Last week, two tidbits of news caught my eye amongst the continuous updates on the budget impasse issuing from across The Pond. The first ended up taking a major chunk of British headlines, as it spiralled from a lacklustre article into a national debate. In a most unfair appraisal, Ralph Miliband, the father of the current Labour Party leader, was dubbed rather ungraciously as ‘The Man Who Hated Britain’. The second, something that went almost unnoticed amongst the aforementioned sagas, was the news that amongst all religious groups – including Christians – Sikhs are the most likely to call themselves British. In a week where ‘Britishness’ was being brought to the forefront, I’m keen to explore why Sikhs see themselves as British, and ask from a Sikh theo-political standpoint if this should happen at all.

It would be pertinent to start with a description of what ‘Britishness’ actually is. Truth be told no one really knows. Ask the Daily Mail and they would probably retort with ‘great clubs’, Eton and Harrow, Oxford and Cambridge. Ask Ralph Miliband (well, his memoirs anyway) and ‘Britishness’ encapsulates worker solidarity and revolt. It is suffice to say the idea of Britishness is malleable and dependant on the Brit in question.

But why are Sikhs so British? Apparently 62% of us ticked a box in the 2011 census to say that our ‘national identity’ is British. Perhaps it’s due to our mixed cultural heritage – half of this, half of that – it being an accommodating label that is tolerant of complexity and difference. Maybe there’s the ‘1984 effect’ at work, with Sikhs keen to distance themselves from the ‘Indian’ label. Or maybe there’s a shared value system here – equality, fairness, women’s rights; things that the Path of Guru Nanak and Britain share. It’s probably all of these and a bit more too, but if you ask my Dad, someone who was born and bred in sunny Southampton, he would resoundingly tell you that he is not British – and not Indian for that matter too.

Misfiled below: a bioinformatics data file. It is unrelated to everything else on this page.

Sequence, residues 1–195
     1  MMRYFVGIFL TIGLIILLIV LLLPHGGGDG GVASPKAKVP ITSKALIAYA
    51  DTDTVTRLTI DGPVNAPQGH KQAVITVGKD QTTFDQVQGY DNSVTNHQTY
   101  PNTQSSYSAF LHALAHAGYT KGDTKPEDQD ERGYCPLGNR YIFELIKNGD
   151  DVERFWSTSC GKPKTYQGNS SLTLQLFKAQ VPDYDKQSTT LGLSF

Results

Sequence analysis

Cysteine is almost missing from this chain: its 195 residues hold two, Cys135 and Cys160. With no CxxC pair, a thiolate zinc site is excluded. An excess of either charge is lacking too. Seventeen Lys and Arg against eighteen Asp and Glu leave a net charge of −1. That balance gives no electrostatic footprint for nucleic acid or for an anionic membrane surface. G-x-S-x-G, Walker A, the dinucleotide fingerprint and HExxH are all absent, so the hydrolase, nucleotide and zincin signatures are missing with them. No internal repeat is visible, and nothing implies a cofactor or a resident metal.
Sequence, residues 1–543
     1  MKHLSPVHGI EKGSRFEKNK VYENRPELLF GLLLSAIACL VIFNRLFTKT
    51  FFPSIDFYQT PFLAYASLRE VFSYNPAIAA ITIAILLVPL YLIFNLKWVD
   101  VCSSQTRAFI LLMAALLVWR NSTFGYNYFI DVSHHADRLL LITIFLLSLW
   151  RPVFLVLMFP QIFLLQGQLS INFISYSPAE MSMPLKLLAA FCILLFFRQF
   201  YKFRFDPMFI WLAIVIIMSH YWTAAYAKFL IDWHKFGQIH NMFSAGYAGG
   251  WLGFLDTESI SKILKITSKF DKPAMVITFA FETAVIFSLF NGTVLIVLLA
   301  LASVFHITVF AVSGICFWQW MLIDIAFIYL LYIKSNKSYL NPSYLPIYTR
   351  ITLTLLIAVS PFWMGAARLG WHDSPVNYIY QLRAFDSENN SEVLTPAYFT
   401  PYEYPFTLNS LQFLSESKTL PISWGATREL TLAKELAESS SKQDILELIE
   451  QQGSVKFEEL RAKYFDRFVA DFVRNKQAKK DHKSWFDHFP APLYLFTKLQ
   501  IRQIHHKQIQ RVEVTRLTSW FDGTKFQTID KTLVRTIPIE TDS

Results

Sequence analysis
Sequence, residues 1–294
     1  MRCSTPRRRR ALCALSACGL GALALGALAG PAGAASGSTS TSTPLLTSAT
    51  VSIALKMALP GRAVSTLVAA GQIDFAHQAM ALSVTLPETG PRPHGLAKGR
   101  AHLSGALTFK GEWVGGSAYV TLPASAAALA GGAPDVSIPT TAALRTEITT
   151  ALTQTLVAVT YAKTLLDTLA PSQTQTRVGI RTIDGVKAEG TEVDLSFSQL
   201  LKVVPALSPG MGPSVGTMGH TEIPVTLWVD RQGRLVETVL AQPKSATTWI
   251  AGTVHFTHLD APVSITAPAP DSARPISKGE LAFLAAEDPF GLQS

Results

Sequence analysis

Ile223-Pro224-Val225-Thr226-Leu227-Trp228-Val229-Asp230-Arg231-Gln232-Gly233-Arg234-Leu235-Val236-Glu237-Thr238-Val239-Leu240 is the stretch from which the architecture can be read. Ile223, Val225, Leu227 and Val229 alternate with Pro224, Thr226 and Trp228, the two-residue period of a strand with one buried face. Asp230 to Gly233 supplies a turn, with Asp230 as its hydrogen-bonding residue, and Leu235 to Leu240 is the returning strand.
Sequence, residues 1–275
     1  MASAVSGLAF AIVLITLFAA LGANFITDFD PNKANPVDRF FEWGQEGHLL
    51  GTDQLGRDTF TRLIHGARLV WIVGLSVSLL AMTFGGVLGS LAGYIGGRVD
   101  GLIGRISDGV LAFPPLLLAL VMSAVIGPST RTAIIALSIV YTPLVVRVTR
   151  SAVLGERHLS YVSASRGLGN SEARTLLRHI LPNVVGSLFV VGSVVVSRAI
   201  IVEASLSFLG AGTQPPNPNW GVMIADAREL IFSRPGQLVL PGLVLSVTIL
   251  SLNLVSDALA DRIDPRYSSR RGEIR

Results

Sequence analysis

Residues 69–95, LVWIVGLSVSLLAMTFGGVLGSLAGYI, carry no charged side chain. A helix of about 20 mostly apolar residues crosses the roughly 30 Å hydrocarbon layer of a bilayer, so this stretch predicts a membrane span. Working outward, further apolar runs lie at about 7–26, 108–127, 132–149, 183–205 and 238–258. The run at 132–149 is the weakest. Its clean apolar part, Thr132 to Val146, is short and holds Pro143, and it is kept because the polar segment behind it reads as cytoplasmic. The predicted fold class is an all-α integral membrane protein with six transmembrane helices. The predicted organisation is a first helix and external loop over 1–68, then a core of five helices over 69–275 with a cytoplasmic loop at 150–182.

My father’s reasoning is relatively straightforward – he remembers the past, when youths (and adults), almost endorsed by national sentiment, went around ‘dot busting’ and ‘Paki bashing’, common euphemisms (yes euphemisms) for a brutal campaign against the ‘foreign’ that occurred during the 70s and 80s. And he’s not ‘Indian’ because of 1984. He does describe himself as a Sikh though, and in his own words ‘however lapsed I may be’.

The enigma that is my father’s situation poses some interesting ideas and even more questions! Yet it highlights above all that when there is a situation where a minority, themselves or their views, are singled out by the majority, the ascription of ‘national identity’ declines. In the case of my father he felt there were no shared values and therefore he could not ascribe to the national identity.

The Sikh Gurus were subjects of the Mughal Empire. They laboured in the State of Punjab, and paid their taxes to the authorities. Yet they did this because, at least up till the death of Akbar, there were shared values between them and the State. And when they felt the State was being too harsh, such as imposing Jazia (tax on non-Muslims), they laboured to change the status quo. This however, did not stop them from creating a State within State, which became more vigorous when the Empire’s attitudes towards them changed.

Recalling Guru Nanak’s concept of spiritual and physical freedom, it was proposed that the individual cannot be attached to the physical. What was required is that he or she interact with the physical and use it for spiritual gain. In this way a person could simultaneously be mentally emancipated whilst being part of the ‘Wonderful Drama’.

So as Sikhs, how should we interact with the State? And are we part of it? Physically we are part of the state but as the Guru’s showed you can only truly belong to it if its values are in tandem with Sikh values. The example of Guru Tegh Bahadur’s martyrdom is a clear cut example of Sikhism’s interaction with the physical, in this case the State, to engender a higher state of the spiritual, in this case, morality. Yet such a sacrifice failed to affect the conscience of its administrators and as such Sikhs were left in a place of no belonging – which itself heralded the later formation of the Khalsa Raj. That’s a story for another day though.

For many readers, the proposition that a Sikh can only belong if Sikh values are to be found in the State may seem difficult. For me it’s very simple. As long as Britain continues to share Sikh values I shall remain British. That’s not to say, however, that at the first instance of deviation I shall dismiss the State. Just like Guru Amar Das did with pushing for the abolition of Jazia, Guru Tegh Bahadur’s defence of right to religion and Ralph Miliband beliefs on social reform, the State and national identity are malleable. 62% of Sikhs have endorsed Britain, and I as a Sikh am with them too, until perhaps that day comes when Britain does not endorse us. In the meantime, I will work with Britain, live in Britain, be a Briton but remain dedicated to finding my ‘national identity’ in Truth.